EU raises 5G Open RAN security and competition concerns

EU raises 5G Open RAN security and competition concerns

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A report from the EU on the cybersecurity of Open RAN  highlights the security risks of combining devices from different suppliers and pushes for more regulation of the supply chain. Open RAN 5G network architectures are providing an alternative way of deploying the radio access part of 5G networks based…
By Nick Flaherty

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A report from the EU on the cybersecurity of Open RAN  highlights the security risks of combining devices from different suppliers and pushes for more regulation of the supply chain.

Open RAN 5G network architectures are providing an alternative way of deploying the radio access part of 5G networks based on open interfaces, and networks are already rolling out.

However the report from ENISA, the EU Agency for Cybersecurity, recommends a stronger role for governments in regulating Open RAN suppliers, and addressing deficiencies in the development of technical specifications. It says the standards process from groups such as the O-RAN Alliance need to satisfy the World Trade Organisation (WTO)/Technical Barriers to Trade (TBT) founding principles for the development of international standards as well as addressing security deficiencies.

The report found that Open RAN can provide greater diversification of suppliers within networks in the same geographic area. This could contribute to achieving the EU 5G Toolbox recommendation that each operator should have an appropriate multi-vendor strategy to avoid or limit any major dependency on a single supplier.

Open RAN could also help increase visibility of the network thanks to the use of open interfaces and standards, reduce human errors through greater automation, and increase flexibility through the use of virtualisation and cloud-based solutions.

However, it also points out that the Open RAN concept still lacks maturity and cybersecurity remains a significant challenge. The risks include a larger attack surface and more entry points for attacks, an increased risk of misconfiguration of networks and potential impacts on other network functions due to resource sharing. The report also notes that technical specifications, such as those developed by the O-RAN Alliance, are not sufficiently mature and secure by design. Open RAN could lead to new or increased critical dependencies, for example in the area of components and cloud.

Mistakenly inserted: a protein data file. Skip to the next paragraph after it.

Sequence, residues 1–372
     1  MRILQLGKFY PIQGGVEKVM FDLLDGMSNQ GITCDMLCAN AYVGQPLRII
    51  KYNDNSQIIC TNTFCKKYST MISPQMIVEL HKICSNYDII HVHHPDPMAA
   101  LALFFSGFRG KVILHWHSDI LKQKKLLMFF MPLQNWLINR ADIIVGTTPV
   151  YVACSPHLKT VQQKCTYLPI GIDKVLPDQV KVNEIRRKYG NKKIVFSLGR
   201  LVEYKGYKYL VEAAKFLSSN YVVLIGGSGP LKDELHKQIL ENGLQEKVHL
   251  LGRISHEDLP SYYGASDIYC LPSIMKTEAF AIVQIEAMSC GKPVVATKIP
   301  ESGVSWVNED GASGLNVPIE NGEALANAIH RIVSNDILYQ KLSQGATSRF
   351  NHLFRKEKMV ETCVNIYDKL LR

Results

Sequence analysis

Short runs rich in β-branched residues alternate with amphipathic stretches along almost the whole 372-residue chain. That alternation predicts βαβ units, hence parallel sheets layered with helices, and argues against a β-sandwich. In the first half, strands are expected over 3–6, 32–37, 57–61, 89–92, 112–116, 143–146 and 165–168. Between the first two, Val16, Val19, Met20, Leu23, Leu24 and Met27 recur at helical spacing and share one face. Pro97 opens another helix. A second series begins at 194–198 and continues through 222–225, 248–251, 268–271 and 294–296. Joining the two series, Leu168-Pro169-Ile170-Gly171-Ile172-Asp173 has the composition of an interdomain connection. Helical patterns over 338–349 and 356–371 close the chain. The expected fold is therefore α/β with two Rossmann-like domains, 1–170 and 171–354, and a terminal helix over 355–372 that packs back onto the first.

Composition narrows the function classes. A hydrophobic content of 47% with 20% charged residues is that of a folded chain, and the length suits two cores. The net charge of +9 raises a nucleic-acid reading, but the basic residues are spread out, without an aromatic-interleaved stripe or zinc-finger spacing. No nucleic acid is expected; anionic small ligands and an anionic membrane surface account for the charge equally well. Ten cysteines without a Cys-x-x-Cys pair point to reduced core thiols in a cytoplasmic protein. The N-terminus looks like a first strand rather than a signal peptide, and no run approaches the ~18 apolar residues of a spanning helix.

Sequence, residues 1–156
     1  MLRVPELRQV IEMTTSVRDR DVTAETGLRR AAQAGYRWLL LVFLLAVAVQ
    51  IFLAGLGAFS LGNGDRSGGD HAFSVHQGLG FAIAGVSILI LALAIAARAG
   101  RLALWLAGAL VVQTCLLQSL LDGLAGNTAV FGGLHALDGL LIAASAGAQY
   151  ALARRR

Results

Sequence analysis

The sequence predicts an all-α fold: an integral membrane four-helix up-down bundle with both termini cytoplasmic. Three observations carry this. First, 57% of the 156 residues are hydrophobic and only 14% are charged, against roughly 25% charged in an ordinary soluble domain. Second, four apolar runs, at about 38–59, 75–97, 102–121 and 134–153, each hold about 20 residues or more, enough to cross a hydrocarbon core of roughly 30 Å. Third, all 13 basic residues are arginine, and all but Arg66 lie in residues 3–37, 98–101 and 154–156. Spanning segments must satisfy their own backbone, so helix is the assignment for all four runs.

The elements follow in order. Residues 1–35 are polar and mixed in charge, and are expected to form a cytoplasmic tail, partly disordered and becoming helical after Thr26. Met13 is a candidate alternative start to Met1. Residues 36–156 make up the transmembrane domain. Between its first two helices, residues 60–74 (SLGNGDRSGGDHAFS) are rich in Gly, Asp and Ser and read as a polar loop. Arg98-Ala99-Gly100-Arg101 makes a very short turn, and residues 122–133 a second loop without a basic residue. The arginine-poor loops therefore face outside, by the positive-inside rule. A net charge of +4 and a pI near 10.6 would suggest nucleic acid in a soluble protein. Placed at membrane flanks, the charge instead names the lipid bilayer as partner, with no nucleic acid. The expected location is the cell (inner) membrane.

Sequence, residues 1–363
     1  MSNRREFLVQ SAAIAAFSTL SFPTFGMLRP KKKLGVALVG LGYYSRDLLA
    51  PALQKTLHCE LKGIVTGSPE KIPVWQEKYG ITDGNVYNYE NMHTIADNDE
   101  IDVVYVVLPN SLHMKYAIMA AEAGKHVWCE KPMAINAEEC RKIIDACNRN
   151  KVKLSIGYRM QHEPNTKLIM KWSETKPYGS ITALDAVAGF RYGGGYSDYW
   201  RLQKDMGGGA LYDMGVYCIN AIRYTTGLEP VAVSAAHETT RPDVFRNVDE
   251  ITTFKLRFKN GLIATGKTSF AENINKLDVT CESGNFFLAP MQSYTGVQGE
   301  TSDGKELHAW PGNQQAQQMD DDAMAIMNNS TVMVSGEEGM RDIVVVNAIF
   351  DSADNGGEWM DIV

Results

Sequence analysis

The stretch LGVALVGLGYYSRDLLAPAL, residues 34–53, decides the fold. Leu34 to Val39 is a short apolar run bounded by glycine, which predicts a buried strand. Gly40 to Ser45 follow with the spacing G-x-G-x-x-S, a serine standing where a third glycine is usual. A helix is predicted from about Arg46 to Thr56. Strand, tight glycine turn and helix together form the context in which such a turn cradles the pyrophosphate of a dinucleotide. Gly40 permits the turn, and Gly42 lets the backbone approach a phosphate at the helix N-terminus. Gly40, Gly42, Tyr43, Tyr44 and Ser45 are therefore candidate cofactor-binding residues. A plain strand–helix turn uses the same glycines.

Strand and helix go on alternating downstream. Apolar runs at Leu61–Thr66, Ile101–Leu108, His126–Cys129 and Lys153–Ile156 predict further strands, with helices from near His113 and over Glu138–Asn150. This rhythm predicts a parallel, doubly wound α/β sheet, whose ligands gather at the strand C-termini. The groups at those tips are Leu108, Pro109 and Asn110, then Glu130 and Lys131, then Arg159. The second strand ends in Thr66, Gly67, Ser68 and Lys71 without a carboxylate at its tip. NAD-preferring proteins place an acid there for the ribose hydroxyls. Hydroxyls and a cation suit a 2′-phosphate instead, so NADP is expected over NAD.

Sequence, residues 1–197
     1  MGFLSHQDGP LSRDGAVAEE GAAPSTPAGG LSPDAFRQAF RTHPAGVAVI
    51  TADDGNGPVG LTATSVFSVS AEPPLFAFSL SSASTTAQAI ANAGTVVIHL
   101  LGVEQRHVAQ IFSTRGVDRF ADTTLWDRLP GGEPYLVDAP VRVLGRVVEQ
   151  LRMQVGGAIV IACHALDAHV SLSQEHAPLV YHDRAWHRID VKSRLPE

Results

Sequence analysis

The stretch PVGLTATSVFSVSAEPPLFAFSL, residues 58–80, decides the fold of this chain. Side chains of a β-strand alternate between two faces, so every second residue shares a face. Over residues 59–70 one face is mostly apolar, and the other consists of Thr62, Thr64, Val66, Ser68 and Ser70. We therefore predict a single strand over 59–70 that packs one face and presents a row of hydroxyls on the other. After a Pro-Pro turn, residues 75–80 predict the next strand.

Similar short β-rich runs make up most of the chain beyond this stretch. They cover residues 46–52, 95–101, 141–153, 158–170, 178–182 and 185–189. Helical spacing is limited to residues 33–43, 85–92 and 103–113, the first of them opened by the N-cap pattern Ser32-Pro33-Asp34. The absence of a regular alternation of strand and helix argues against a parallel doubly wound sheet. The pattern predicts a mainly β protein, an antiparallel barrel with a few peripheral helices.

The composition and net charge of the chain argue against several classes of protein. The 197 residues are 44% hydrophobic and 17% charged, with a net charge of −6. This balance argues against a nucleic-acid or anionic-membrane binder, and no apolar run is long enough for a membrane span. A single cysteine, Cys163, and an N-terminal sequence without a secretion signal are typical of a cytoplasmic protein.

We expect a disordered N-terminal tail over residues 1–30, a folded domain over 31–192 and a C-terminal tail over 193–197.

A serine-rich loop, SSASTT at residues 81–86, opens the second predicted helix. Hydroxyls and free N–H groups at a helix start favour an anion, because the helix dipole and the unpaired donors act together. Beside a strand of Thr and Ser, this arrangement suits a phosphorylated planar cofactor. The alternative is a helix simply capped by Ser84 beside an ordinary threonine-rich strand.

To mitigate these risks and leverage potential opportunities of Open RAN, the report recommends a number of actions.

These include using regulatory powers to be able to scrutinise large-scale Open RAN deployment plans from mobile operators and if needed, restrict, prohibit and/or impose specific requirements or conditions for the supply, large-scale deployment and operation of the Open RAN network equipment. It also recommends reinforcing key technical controls such as authentication and authorisation, and adapting the monitoring design to a modular environment where each component is monitored.

The risk profile of Open RAN providers, external service providers related to Open RAN, cloud service/infrastructure providers and system integrators also needs to be assessed.

“Our common priority and responsibility is to ensure the timely deployment of 5G networks in Europe, while ensuring they are secure,” said Margrethe Vestager, Executive Vice-President for a Europe Fit for the Digital Age. “Open RAN architectures create new opportunities in the marketplace, but this report shows they also raise important security challenges, especially in the short term. It will be important for all participants to dedicate sufficient time and attention to mitigate such challenges, so that the promises of Open RAN can be realised.”

“With 5G network rollout across the EU, and our economies’ growing reliance on digital infrastructures, it is more important than ever to ensure a high level of security of our communication networks. That is what we did with the 5G cybersecurity toolbox. And that is what – together with the Member States – we do now on Open RAN with this new report,” said Thierry Breton, Commissioner for the Internal Market. “It is not up to public authorities to choose a technology. But it is our responsibility to assess the risks associated to individual technologies. This report shows that there are a number of opportunities with Open RAN but also significant security challenges that remain unaddressed and cannot be underestimated. Under no circumstances should the potential deployment in Europe’s 5G networks of Open RAN lead to new vulnerabilities,” he said.

Guillaume Poupard, Director General of France’s National Cyber Security Agency (ANSSI), said: “After the EU Toolbox on 5G Cybersecurity, this report is another milestone in the NIS Cooperation Group’s effort to coordinate and mitigate the security risks of our 5G networks. This in-depth security analysis of Open RAN contributes to ensuring that our common approach keeps pace with new trends and related security challenges. We will continue our work to jointly address those challenges.”

Overall, the report recommends a cautious approach to moving towards the new architecture.

Cybersecurity of Open RAN; EU Toolbox on 5G Cybersecurity

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